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News: GCA Scholars are Changemakers


August 06, 2019

Read about the important academic research being done by three GCA Scholars

Several of the GCA’s recent scholars are emerging early in their professional careers as changemakers. Their passions address critical topics ranging from pollinator initiatives to water protection and sea level rise. 

Dr. Rachael E. Bonoan is a member of the team leading the Tufts University Pollinator Initiative, which planted its first on campus gardens early in the summer. This is a major commitment to the pollinator support challenge of which she has been a long time proponent. Bonoan is now a post-doctoral researcher in the Crone Lab at Tufts University Department of Biology and was recently featured on the Tufts Now “Ever Wonder” news. Listen to her one-minute video as she explains how bees make honey. 

In 2017 she was awarded The Garden Club of America Board of Associates Centennial Pollinator Fellowship. In 2018 Bonoan received her PhD in Ecology, Behavior and Evolution from Tufts University. 

Kevin Jeffery recently received the Inaugural Emerging Leader Award from River Network in Austin, Texas. This award “recognizes someone early in their professional career who deserves attention for their work at the intersection of water and equity.” Jeffery recently received his masters degree in Landscape Architecture from the University of Texas at Austin.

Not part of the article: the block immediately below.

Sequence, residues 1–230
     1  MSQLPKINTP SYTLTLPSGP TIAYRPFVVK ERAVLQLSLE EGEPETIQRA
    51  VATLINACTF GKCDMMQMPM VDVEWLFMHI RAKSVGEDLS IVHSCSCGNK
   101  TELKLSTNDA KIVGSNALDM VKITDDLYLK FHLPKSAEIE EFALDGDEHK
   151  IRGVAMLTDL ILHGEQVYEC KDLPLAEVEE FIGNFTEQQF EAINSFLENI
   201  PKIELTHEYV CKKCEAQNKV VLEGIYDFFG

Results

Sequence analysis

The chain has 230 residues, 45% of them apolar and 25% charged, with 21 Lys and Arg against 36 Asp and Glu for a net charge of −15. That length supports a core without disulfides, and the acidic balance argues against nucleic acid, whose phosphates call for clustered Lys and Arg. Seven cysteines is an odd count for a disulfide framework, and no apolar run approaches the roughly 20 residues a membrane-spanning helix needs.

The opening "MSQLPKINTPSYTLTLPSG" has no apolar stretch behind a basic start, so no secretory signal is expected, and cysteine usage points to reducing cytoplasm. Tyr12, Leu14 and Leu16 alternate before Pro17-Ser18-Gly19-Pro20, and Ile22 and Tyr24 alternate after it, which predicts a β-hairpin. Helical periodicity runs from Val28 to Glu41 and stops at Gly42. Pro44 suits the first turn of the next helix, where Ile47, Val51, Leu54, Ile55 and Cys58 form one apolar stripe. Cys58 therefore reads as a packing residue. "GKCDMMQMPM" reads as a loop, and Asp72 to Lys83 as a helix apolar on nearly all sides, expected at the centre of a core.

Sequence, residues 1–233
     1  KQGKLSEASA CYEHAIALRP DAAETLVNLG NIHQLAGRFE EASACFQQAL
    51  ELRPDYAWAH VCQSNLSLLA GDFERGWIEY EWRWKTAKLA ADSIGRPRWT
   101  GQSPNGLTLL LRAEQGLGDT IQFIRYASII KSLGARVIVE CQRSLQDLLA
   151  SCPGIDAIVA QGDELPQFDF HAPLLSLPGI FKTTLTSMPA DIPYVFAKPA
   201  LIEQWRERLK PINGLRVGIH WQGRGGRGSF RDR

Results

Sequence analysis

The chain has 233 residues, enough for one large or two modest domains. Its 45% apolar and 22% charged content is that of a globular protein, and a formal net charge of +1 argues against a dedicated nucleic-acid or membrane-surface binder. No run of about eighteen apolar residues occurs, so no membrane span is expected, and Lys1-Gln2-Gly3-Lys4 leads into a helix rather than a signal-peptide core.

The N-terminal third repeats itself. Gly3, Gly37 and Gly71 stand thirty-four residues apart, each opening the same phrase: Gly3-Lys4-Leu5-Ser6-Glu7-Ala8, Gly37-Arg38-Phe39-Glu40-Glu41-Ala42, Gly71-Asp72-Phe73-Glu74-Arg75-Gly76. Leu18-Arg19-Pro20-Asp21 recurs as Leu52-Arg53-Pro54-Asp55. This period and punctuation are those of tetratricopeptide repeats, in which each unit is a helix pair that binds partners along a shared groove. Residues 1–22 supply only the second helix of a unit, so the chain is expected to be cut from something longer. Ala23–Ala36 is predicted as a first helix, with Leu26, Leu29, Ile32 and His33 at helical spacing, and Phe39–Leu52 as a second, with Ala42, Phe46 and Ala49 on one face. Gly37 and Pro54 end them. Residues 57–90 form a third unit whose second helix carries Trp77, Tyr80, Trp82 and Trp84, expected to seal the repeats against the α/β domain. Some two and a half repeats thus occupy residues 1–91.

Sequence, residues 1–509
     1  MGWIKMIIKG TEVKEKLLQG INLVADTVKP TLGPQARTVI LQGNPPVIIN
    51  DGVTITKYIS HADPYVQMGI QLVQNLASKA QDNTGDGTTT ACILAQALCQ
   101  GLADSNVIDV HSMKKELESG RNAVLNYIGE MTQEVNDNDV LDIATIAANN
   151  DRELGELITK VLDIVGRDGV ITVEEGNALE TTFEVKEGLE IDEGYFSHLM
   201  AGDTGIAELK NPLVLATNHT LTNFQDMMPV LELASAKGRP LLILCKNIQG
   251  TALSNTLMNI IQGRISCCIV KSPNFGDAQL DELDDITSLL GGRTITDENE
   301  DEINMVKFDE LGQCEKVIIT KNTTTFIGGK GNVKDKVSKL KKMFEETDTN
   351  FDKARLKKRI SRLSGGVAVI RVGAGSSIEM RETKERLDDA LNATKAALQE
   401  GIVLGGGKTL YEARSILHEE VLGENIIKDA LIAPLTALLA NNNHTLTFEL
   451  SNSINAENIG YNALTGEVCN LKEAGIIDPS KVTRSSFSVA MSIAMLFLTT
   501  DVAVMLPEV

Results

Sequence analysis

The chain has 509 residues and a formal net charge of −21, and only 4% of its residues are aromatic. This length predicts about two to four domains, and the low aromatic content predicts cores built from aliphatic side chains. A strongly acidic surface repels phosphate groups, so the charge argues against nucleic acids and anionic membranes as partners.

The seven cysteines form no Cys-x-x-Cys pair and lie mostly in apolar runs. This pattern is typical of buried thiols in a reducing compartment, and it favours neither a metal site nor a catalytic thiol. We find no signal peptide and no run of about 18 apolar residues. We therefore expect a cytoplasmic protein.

Jeffery created and led a research project entitled Blue Index. It focuses on people’s emotional reactions to water in order to identify the positive effects of water, such as a reduction in anxiety, in an urban community’s overall health. Sponsored by the GCA and the City of Austin Watershed Protection Department, Blue Index has collected citizen-reported data from 30 waterscapes around Austin, beginning in 2017.     Photo Credit: Kevin Jeffery

Jeffery received the 2017 Douglas Dockery Thomas Fellowship in Garden History and Design and recently completed his Masters in Landscape Architecture at the University of Texas at Austin.

Johnny Quispe recently co-authored a feature article entitled “How High will the Sea Rise along our New Jersey Shore?” which appeared in the Star-Ledger, New Jersey’s largest online newspaper. Quispe is a PhD candidate in the Ecology and Evolution graduate program at Rutgers University and 2018 recipient of The Garden Club of America Award in Coastal Wetlands Studies.

The goal of Quispe’s research is to assist in the development of policy recommendations for local and regional planners to ensure the conservation of tidal marshes, and help coastal communities reduce flooding and other damage from future storms through the use of natural defenses.



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